From the garden I could see the house. It was not beautiful ‒ large, red-brick, Victorian, with a turret on which the ivy grew. Behind the trees I could see French windows open to the afternoon.

I don’t know how long I stood there. Just for a while, very strongly, I had the sense of treading familiar ground: all at once the place was full of echoes. I stood very still, as if they imposed silence. That old childhood memory which had impressed on me the sensation of anger returned, and I thought, Why, this was the place! Names were on the air, and I could almost grasp them. Almost, not quite; they slid from me like the dissolving of an elusive dream. Only one came clear, as if someone had spoken it: Imogen.

That was a name full of force and power. I walked up the garden towards the house.

As I came close to it, for the first time I saw movement. I saw the figure of a woman in a blue summer dress just stepping into the garden from the French windows. Her figure was slim, she might have been any age between thirty and fifty, but drawing closer I saw a streak of white in her dark hair.

She didn’t see me at first, merely looking out towards the river; but then I took another step forward and she stood suddenly still. ‘Who are you?’

‘Jessica,’ I said. ‘Jessica Mayne. I was told to come.’

She stood looking at me with an expression I couldn’t read at all. It was a handsome face with large grey eyes, just missing beauty, the cheeks perhaps cut too sharply below the high cheek bones.

‘Jessica. Yes, of course. I didn’t expect you to come from the garden.’ She still stood there, looking at me. She stood in shadow but I thought I saw, surprisingly, the glint of tears in her eyes. But her voice was firm when she said, ‘I wonder what I should say to you? Welcome to Huntersmeade, perhaps.’ She said this as if there were something both sad and absurd in the idea.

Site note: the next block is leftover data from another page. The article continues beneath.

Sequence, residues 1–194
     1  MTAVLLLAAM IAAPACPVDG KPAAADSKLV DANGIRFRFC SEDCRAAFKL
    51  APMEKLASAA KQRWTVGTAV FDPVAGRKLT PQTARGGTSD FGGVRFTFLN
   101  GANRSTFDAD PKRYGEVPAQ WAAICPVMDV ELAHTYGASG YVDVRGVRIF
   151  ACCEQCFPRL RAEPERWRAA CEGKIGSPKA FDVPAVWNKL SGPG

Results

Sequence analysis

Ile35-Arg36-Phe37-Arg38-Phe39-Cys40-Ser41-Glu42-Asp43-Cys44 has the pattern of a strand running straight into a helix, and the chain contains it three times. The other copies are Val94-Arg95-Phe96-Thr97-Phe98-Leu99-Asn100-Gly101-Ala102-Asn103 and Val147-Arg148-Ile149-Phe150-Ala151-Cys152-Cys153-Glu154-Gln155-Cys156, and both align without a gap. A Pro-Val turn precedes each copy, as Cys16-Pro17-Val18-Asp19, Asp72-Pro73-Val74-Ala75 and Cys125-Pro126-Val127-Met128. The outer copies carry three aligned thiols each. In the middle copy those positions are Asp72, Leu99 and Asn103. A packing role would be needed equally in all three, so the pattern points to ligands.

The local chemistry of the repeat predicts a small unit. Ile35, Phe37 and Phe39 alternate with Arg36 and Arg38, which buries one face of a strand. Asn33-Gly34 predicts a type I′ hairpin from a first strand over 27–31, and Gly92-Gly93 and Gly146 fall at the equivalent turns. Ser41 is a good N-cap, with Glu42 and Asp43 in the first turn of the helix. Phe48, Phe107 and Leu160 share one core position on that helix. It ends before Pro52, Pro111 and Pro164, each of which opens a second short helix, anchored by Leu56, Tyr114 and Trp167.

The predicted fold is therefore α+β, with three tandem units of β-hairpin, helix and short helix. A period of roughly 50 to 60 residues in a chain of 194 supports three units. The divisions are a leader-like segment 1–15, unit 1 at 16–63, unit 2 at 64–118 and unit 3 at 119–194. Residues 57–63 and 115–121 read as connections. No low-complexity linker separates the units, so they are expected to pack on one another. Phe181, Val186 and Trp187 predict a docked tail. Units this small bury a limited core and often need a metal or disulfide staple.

I said, ‘I don’t think I know who you are.’ But the echoes were still sounding.

She gave a wry smile and a shrug. ‘That seemed to me the best way to do it. For you to come with no previous ideas. For the explanations ‒ all the explanations ‒ to come from me. Was that unfair to you? I hope not.’

She took my case from me and led me into the house, her movements quick and decisive. Already, though she had spoken kindly to me, I was a little afraid of her.

Once in the room with the garden beyond she waved me to a chair, then lit a cigarette. Through the smoke she said, ‘I think this is more difficult than I expected.’

‘It’s difficult for me too.’

I had not meant to discomfort her, but she braced herself as if the words had found a bruise. ‘I’ll tell you all I can. My name is Imogen Chase. Does that mean anything to you?’

I felt the small kick of memory, of recognition. My skin tingled. ‘As I came up the garden,’ I said, ‘I remembered the name Imogen.’

She looked at me differently then. ‘I suppose you might have done. But I thought if you were told just a little of the truth, you might decide not to come. Do you understand that?’

‘Not quite.’

‘But you remember something?’

Puzzled, I looked about me. ‘Yes … I don’t quite know why or how, but yes, it’s not a strange place. And you ‒’

‘Well?’

Still puzzled, I stared at her. ‘I don’t know. I think I’ve seen you before.’